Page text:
Trump May Force Pharmaceutical Companies To Make Drugs In USA
Read about the biggest pharmaceutical developments and pricing stories from the past week in KHN's Prescription Drug Watch roundup.
Trump May Use Defense Powers To Require Domestic Drug Production
President Donald Trump may use his executive powers to require pharmaceutical companies to make drugs domestically to counter Americans’ dependence on overseas manufacturing, Health and Human Services Secretary Alex Azar said. “The coronavirus pandemic brought home that core elements of our medical-supply chain are just as strategic to our national security as, say, nuclear submarines and aircraft carriers are, and have to be treated with that same kind of approach, which is to say that we have core domestic manufacturing capabilities” Azar said in an interview with Bloomberg Radio on Tuesday. (Edney and Cirilli, 7/7)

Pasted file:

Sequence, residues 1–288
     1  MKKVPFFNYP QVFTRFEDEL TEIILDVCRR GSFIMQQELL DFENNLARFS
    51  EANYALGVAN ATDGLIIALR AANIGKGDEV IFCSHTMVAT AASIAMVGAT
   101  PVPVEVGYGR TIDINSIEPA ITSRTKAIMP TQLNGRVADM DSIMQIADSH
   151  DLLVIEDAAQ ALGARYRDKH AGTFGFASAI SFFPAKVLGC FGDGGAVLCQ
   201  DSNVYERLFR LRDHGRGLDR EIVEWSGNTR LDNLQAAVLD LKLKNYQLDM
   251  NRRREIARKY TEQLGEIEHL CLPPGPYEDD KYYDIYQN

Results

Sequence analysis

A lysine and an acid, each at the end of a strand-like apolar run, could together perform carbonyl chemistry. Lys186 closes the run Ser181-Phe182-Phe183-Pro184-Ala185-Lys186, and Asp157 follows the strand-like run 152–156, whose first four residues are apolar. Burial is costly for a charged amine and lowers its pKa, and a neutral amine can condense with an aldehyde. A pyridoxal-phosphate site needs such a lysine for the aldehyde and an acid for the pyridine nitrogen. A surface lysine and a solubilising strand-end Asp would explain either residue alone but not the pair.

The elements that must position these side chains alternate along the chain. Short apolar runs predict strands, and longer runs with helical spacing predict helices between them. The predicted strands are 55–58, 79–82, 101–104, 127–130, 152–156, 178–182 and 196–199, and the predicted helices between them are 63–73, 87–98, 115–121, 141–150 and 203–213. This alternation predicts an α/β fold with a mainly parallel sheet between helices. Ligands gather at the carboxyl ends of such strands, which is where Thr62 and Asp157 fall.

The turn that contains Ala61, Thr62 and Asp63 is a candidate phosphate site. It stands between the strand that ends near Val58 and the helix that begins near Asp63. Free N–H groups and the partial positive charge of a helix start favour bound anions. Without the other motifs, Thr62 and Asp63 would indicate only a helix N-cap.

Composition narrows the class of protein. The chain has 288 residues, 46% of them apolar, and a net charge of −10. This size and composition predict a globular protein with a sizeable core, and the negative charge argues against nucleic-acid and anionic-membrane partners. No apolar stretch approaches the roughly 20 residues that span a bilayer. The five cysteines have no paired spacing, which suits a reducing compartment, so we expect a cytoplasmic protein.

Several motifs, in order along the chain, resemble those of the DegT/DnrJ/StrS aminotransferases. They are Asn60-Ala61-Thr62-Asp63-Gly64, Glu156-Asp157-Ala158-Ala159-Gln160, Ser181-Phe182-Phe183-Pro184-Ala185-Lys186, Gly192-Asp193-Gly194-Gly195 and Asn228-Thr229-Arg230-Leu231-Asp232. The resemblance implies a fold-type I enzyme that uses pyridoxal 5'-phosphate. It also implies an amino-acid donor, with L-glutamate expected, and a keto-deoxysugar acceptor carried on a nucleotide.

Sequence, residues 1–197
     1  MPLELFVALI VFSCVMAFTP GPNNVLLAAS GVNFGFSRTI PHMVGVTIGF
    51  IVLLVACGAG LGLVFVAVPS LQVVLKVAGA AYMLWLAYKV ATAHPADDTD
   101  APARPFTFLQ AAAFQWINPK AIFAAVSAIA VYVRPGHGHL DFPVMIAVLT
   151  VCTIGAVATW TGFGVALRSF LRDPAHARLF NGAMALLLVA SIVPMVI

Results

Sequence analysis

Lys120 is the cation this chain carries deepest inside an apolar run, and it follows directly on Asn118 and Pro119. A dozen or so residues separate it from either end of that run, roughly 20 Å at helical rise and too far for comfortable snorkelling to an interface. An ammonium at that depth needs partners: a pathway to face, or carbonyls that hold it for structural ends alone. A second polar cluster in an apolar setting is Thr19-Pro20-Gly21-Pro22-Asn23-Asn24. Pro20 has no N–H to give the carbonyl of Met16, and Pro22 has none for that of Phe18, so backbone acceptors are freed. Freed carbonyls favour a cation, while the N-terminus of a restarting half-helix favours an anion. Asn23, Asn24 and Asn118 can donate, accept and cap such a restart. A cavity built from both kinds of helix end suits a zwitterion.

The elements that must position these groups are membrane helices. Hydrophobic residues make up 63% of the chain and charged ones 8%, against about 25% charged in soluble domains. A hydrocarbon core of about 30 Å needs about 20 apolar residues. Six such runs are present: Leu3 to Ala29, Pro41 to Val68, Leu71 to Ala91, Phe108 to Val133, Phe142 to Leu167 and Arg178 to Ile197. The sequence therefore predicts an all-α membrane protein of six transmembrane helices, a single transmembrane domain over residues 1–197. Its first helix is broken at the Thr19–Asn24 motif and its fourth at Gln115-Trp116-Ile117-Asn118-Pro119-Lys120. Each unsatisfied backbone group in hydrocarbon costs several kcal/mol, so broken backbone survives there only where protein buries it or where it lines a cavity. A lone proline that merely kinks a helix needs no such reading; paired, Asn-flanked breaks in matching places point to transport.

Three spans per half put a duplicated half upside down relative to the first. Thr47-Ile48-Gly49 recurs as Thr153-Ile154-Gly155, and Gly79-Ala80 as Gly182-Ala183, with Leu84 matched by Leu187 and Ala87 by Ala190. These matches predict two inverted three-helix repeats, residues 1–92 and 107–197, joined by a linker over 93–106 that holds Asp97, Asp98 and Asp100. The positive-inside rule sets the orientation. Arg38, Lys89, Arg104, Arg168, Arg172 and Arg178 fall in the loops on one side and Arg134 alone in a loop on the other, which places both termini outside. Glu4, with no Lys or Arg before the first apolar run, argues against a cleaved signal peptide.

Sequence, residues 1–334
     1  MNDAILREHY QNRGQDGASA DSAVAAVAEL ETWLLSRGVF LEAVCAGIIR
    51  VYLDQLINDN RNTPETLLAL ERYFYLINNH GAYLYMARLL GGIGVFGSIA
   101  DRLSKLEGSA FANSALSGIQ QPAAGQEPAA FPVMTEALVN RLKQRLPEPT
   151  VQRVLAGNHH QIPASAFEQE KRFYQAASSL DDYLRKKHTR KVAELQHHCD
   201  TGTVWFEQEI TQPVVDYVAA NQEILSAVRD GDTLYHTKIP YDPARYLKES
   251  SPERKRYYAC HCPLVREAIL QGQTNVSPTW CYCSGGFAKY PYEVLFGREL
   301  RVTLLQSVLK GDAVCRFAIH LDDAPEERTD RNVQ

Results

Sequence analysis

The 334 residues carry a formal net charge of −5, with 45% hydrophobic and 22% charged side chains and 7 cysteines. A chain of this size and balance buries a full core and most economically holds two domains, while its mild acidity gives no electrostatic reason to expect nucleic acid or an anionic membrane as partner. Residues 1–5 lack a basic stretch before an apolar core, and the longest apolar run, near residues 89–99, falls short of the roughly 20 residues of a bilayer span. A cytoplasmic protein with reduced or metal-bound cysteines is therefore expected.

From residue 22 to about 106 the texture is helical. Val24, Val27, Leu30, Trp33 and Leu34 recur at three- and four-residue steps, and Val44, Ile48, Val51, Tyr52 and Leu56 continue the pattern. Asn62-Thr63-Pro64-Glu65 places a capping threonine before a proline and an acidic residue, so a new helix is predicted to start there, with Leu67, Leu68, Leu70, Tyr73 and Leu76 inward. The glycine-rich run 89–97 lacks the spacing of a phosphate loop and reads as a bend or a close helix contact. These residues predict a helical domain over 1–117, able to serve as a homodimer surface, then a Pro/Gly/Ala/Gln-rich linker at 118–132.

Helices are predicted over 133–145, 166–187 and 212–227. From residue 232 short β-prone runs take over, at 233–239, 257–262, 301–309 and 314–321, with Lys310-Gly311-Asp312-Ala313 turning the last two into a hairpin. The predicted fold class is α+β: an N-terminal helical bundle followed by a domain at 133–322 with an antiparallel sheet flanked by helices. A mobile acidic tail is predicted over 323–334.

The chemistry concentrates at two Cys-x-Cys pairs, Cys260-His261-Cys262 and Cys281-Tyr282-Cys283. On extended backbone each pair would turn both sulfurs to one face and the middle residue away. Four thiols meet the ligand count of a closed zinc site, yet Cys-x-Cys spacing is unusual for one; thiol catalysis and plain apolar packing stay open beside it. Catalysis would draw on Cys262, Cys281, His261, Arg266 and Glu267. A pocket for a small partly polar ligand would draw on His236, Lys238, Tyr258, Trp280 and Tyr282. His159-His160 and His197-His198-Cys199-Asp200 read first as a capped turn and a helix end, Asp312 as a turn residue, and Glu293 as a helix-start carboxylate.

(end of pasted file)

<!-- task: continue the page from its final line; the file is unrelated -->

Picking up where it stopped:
Scientists Condemn 'Chilling' US Move To Buy Up Almost Entire Supply Of Coronavirus Drug
The US has bought up nearly all of the coronavirus drug Remdesivir available on the market, a move that has left scientists frustrated and worried. Remdesivir, made by the company Gilead Sciences originally as an Ebola treatment, is the first drug that has been shown to effectively treat Covid-19. The US has bought 500,000 doses of the drug, enough to clear out Gilead of its stock for all of July and most of August and September. (Graziosi, 7/2)
Drug Makers Sue To Block State Law Expanding Emergency Access To Insulin
The drug industry lobbying association PhRMA sued the state of Minnesota over a newly enacted law meant to prevent people who can’t afford their insulin from rationing it. The law, the Alec Smith Emergency Insulin Act, which is named after a 26-year-old man who died after rationing his insulin, allows Minnesotans who would otherwise forgo their insulin to immediately pick up a 30-day supply of the drug from a pharmacy for $35. Drug makers would be forced to provide the insulin for free or face hefty fines. The law was slated to go into effect Wednesday. (Florko, 7/1)